That was early in Olsen's career. Along toward the end, just about everything began to hurt, including a lot of nooks, crannies, tendons, ligaments and out-of-the-way joints that he hadn't even known he had. It got so bad that Olsen—then suffering from a severely jammed neck that probably made him a couple of inches shorter than he recently had been—refused to go into the training room. "Look," he'd tell the trainer, "you're not really going to be able to help me, I know. And I also know that I've got to start next week. Better then that I should try and relax with my pain and my family instead of messing with it."
Olsen's body took all the guff without too much reproach until, before the start of the 1976 season, he announced that this was the beginning of the end. He would find something to do come next year, but it wouldn't be playing football. Actually, three years earlier Olsen had taken pen in hand and figured out, with devastating logic, the rest of his life.
He did it by elimination. "There's a tendency among football players to ride too long with their success," he says. "They always have a vague notion in their minds: 'I'll just retire someday and become president of IBM,' or something like that. They can't make the transition from football to the real world. They lose their identity and it destroys them; it's happened to so many of my friends."
But not Olsen. "I figured it this way, like a problem in reasoning. First, my personal needs. I was accustomed to the spotlight, therefore I couldn't go into corporate anonymity. Then, I was accustomed to making pretty big money; I wanted that to continue, of course. And, finally, I wanted something that offered both challenge and pressure. It shook down to only two possibilities: broadcasting and acting. When you think of the logic involved, it was an easy decision." Having reasoned it out, Olsen then drafted his own proposed television contract, legalese and all.
There was a time, right up to a few weeks ago, when the story of Olsen's contract wouldn't have been entirely believable. But it is now, thanks to the wonderfully screwy Charlie's Angels case. No, no, not the investigation into purportedly misdirected funds at ABC; it's what the case revealed that counts. On Dec. 2, the Los Angeles County District Attorney's office, in noting that there was no cause for criminal action, also commented that the TV entertainment industry was so mixed up that while tons of money changes hands, nobody seems to know exactly where any of it goes.
Perfect. Olsen had been getting steady raises and he knew that his final salary as a Ram would be well over $100,000. Thus, in drafting his proposed new television contract, he lightly wrote in a figure, knowing with the inescapable logic of an economics major and Phi Beta Kappa that the TV folks would likely double it. And naturally he was right. "The final figure turned out to be about $200,000," Olsen says, "and all of my hopes in that first contract were met or exceeded." Olsen had doped out the illogical secret: in television, it isn't the money; they'll pay anything, positively anything, just to sign the talent and keep the other networks from getting it.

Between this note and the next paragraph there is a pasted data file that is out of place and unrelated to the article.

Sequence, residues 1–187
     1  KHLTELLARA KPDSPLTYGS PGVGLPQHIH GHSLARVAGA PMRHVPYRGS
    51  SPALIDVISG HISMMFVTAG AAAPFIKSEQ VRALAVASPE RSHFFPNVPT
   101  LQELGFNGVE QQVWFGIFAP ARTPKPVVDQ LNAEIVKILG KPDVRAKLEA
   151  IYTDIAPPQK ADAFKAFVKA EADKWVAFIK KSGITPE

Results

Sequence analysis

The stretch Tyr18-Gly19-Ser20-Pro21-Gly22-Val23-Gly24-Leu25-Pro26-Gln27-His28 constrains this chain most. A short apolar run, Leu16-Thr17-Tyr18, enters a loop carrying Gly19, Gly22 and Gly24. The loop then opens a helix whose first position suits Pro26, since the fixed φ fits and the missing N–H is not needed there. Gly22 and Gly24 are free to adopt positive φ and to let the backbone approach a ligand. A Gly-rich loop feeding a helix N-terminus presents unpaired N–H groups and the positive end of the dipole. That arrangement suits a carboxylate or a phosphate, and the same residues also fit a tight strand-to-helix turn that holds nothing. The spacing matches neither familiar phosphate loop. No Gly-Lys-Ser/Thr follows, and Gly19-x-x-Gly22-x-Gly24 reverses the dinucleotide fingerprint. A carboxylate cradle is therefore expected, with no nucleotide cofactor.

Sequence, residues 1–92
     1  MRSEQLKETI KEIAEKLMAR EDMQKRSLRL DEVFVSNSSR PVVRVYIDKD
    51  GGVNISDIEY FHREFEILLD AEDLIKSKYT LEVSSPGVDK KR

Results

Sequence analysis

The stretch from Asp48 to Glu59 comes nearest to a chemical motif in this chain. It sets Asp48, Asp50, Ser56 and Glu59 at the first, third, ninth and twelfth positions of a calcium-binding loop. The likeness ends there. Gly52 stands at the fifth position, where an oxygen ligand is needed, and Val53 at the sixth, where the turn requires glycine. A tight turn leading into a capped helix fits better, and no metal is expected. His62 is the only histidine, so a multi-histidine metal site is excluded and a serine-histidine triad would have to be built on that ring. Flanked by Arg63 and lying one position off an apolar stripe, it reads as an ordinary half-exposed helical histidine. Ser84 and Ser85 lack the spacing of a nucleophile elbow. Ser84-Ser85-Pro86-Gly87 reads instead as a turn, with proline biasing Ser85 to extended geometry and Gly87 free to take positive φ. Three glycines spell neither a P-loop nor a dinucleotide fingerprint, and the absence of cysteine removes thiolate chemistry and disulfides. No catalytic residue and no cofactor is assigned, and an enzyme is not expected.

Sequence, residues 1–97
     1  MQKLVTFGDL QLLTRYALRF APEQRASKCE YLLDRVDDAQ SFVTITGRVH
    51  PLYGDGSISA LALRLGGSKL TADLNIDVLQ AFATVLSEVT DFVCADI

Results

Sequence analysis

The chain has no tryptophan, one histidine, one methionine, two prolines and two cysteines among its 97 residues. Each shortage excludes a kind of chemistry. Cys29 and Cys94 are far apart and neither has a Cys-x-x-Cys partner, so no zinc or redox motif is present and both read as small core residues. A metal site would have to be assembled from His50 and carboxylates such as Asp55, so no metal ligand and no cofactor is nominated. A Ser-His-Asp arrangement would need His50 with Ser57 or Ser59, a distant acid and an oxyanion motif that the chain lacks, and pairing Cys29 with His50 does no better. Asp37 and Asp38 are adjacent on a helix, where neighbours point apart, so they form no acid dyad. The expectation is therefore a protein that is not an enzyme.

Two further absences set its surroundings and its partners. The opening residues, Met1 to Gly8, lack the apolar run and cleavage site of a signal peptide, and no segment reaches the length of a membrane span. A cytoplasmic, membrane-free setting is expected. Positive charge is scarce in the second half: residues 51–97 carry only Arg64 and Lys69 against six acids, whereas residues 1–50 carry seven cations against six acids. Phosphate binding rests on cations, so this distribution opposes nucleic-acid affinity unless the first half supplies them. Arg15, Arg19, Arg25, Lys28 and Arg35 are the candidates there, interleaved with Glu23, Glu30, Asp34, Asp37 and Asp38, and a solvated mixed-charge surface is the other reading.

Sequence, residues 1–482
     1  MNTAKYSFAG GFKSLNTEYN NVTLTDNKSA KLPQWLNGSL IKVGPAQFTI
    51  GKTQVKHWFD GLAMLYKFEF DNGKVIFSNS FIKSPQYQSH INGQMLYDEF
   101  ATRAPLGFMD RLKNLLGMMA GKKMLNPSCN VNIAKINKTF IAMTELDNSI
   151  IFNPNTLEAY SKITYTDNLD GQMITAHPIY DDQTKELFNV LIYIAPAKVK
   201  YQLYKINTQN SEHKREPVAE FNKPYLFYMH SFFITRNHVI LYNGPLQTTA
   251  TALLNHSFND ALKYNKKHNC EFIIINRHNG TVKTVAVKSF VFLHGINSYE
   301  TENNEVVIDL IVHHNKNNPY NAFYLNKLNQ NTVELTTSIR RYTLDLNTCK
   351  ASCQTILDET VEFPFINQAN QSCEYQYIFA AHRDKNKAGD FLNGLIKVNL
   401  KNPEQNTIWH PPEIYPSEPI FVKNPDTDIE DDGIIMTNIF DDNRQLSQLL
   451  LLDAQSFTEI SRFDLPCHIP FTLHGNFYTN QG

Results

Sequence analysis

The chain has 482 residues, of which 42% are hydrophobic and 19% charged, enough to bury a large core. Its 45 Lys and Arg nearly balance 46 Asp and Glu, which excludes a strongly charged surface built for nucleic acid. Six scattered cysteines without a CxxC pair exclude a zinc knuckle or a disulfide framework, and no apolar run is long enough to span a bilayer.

"Three days after I wrote my sample contract I flew to New York," Olsen says. "I talked to people at NBC, ABC and CBS, letting them know that I was interested. I didn't sign, but the talks were satisfactory. I succeeded in getting my name on their list. And when I was ready, four years later, they were ready, see? The only way to have charge of your life is to take charge of it." Olsen picks up an imaginary life by the throat and shakes it around.
All of which brings up Olsen's last rule of logic. There he was, in civvies at last, wearing a size 48 XL blazer with the NBC escutcheon on the breast pocket. "O.K., guys," he said, "tell me the part about the training program on how to be a color man." And the NBC executives did one of these: "Uhhh, the, uhh, the training program. Right, Merlin? Well, uhh, you see, we don't really have...."
All for the best, as it has turned out. It taught Olsen to do his own research, to talk to coaches and players and to apply his own acquired knowledge. Coaches show him game plans, knowing he'll never betray them on the small screen. On the air, Olsen lucidly tells the viewers who has just done what to whom—even unto the cheap shots, which, he notes, are all part of the game.
Now it's the prospect of another career that's changing Olsen's life. Enter Landon again, part actor, part producer. He's lounging between takes on the Little House set, wearing homespun shirt, suspenders and frontier pants and boots. He looks like an authentic pioneer poor man, and between appearances on camera, as if to reassure himself of his real-life riches, he slips on his solid gold watch.